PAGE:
At American House, we create many delicious foods for our residents to enjoy all the time — and especially during the holiday season. Give us a call today at (248) 579-4422 so you can stop by one of our locations and see for yourself all the great meals we have!

Conversation Starter Tips for Your Senior Loved Ones

Sometimes, visiting a senior relative may leave you at a loss over what to say and talk about after the weather is discussed. There’s a generation gap or two, so it may feel as though there’s not much you can chat about — but, in reality, there is! Here are some great conversation starters. Give them a try during the upcoming holiday celebrations and we bet you will be surprised at what you learn!


senior-woman-talkingIs your relative’s favorite sports team — or athlete — in the playoffs? Do you both share a love of a certain TV show (Not sure? Now’s the perfect time to ask what’s the best show on these days!)? If you and your senior loved one share a hobby or passion, that’s the perfect opportunity for surefire conversation starters.

Certain things transcend age: Food, for instance. Everyone eats and someone has to be the one cooking that food! If you’re the cook in your family, and so is your grandma, you’ve found your common ground. Not only will you be able to chat freely now, but you may learn a thing or two.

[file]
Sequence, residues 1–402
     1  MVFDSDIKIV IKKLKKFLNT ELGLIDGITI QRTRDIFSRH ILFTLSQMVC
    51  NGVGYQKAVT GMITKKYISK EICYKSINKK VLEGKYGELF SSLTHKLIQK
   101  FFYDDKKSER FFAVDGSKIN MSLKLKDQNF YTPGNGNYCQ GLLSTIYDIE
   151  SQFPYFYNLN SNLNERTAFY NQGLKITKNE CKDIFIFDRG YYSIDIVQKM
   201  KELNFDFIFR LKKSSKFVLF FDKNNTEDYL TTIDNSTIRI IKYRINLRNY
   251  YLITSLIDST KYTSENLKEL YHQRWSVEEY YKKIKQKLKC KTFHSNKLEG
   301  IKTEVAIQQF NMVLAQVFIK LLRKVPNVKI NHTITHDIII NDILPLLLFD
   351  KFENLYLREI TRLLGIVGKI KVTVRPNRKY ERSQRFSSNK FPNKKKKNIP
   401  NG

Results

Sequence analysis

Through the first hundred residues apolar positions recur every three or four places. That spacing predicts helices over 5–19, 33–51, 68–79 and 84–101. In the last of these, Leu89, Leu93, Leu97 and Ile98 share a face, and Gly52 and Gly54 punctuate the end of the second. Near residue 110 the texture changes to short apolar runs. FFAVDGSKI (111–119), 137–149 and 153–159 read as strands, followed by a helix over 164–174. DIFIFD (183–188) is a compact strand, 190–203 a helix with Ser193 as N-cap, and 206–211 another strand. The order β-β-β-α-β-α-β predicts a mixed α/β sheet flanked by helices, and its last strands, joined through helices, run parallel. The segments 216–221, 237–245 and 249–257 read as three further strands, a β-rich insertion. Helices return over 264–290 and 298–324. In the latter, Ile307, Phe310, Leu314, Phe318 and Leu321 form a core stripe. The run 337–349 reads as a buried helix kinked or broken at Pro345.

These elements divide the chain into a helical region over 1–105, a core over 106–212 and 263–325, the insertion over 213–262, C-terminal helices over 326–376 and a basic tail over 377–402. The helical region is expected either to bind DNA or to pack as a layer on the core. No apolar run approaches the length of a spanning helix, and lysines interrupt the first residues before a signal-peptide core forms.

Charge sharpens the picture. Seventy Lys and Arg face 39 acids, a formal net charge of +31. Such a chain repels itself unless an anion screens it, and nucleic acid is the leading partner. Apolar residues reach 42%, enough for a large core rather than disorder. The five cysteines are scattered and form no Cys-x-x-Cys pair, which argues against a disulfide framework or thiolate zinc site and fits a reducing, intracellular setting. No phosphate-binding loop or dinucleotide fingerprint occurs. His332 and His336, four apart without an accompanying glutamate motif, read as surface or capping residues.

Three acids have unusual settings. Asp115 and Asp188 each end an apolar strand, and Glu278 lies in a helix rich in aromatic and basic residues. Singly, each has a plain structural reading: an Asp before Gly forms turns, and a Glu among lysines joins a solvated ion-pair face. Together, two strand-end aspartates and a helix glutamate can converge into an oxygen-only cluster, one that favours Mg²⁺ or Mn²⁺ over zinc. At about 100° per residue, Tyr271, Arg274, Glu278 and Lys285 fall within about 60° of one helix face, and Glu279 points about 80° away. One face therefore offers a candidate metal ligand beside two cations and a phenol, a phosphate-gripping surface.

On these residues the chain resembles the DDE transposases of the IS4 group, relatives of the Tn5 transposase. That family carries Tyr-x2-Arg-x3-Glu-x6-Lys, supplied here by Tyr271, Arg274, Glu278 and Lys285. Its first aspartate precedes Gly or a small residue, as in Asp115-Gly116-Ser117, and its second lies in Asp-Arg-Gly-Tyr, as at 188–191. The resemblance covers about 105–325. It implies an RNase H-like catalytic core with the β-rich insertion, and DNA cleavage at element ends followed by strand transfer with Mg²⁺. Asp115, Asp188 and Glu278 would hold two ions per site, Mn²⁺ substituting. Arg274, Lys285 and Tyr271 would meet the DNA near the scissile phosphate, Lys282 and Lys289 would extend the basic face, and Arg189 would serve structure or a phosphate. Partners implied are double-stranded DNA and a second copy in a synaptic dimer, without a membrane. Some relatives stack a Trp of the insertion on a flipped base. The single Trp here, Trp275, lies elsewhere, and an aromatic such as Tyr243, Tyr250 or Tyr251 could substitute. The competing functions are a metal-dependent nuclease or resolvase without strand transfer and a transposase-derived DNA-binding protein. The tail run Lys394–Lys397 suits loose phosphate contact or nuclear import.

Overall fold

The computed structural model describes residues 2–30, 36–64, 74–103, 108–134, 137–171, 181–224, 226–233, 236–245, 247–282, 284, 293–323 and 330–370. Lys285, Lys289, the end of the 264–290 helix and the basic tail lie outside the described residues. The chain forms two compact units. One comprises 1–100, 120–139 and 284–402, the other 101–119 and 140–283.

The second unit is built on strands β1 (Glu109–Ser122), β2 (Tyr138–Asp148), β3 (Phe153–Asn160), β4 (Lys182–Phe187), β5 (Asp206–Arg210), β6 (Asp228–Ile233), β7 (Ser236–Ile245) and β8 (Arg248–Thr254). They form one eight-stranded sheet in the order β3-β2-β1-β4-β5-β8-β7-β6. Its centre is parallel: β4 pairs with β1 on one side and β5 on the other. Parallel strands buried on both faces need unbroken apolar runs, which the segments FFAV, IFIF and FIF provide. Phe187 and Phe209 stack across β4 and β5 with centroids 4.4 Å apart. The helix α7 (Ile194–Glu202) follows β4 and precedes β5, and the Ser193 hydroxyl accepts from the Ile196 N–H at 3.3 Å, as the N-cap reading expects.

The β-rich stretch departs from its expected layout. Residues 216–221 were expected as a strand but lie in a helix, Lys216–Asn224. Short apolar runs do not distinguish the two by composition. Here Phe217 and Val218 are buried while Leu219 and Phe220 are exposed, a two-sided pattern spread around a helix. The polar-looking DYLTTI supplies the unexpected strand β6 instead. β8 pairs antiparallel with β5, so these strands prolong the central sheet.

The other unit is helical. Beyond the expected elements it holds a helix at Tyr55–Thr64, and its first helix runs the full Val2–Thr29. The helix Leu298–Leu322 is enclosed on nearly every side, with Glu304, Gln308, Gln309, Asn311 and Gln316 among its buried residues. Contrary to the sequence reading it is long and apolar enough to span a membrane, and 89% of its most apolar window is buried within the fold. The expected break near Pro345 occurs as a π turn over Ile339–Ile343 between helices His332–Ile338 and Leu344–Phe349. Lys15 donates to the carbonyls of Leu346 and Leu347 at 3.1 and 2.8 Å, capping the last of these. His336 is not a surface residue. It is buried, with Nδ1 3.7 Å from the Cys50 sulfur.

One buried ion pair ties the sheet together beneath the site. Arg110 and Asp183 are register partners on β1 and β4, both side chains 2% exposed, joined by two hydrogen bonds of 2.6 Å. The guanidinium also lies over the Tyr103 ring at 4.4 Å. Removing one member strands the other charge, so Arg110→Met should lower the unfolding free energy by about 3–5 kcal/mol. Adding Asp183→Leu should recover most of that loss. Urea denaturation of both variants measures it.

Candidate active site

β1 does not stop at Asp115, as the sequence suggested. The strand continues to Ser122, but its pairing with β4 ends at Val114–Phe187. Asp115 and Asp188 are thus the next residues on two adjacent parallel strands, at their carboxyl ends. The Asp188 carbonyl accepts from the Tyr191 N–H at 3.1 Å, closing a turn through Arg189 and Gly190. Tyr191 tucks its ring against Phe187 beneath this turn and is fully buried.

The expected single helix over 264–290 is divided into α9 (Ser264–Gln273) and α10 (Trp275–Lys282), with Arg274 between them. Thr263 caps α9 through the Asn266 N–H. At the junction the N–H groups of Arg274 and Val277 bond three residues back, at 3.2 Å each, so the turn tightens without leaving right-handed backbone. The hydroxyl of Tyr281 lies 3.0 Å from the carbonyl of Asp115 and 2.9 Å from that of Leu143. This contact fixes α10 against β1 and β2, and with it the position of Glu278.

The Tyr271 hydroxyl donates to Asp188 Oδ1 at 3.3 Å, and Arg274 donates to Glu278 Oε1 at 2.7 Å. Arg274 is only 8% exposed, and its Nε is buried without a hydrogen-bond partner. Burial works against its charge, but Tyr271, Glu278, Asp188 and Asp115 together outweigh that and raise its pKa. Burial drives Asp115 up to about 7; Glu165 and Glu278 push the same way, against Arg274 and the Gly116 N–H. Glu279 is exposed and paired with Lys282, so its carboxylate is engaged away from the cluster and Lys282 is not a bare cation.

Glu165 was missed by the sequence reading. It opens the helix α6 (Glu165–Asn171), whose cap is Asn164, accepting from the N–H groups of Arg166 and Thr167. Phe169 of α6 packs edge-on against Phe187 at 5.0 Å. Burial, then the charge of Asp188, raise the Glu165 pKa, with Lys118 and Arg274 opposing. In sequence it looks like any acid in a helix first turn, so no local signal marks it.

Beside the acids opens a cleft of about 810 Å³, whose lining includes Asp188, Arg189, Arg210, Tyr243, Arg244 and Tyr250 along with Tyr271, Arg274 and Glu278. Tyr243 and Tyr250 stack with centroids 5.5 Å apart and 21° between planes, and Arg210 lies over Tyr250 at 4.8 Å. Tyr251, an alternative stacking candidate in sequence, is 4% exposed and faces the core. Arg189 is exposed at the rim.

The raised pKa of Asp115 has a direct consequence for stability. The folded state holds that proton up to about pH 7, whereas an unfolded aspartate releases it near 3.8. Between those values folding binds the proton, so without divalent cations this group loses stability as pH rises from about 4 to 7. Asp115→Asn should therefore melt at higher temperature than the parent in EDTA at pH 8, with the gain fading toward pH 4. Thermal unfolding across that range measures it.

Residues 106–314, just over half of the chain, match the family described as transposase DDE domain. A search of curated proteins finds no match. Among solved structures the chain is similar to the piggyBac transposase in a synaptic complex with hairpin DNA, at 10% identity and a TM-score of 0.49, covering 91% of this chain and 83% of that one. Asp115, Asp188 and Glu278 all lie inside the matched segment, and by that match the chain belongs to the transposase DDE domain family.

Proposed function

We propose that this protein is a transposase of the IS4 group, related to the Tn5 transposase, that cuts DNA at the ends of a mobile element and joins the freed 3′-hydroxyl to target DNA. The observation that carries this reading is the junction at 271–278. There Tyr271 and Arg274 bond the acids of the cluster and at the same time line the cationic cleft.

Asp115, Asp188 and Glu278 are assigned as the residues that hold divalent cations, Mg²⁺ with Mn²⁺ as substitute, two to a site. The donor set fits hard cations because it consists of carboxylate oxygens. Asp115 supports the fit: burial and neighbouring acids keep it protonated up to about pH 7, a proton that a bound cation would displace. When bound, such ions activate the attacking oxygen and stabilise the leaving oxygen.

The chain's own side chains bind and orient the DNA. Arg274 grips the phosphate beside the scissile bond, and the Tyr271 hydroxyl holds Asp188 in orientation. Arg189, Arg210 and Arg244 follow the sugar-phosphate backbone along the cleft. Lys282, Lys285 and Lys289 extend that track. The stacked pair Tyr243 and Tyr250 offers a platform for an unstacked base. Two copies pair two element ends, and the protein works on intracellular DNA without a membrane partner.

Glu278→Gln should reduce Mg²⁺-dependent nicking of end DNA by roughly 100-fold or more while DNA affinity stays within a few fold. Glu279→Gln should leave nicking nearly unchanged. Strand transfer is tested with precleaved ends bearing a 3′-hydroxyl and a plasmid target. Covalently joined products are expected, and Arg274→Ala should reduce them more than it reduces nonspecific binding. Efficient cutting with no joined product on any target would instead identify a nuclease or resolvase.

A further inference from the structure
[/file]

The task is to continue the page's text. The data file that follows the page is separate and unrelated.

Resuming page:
Even if you aren’t sure if you have anything in common with your senior loved ones, try to find out. Think about the things you enjoy in your daily life and ask if anything piques the interest of your relative.


When all else fails, don’t _try_ so hard; show your genuine interest in the life your loved one has lived! One of the greatest things about having experienced so much life is the amount of stories to tell about years past — so ask away and just listen and learn about:

Their love story! Ask your senior loved ones how they met their spouse. These stories are absolutely priceless: Ask how they met, what their first date was, how they knew it was love and details of the marriage proposal. Even if you’ve heard a quick version of the story before, listen for more details this time. Not only will you learn a little about your loved ones, but you’ll also be providing them with the gift of being able to reminisce and share their wonderful stories with you.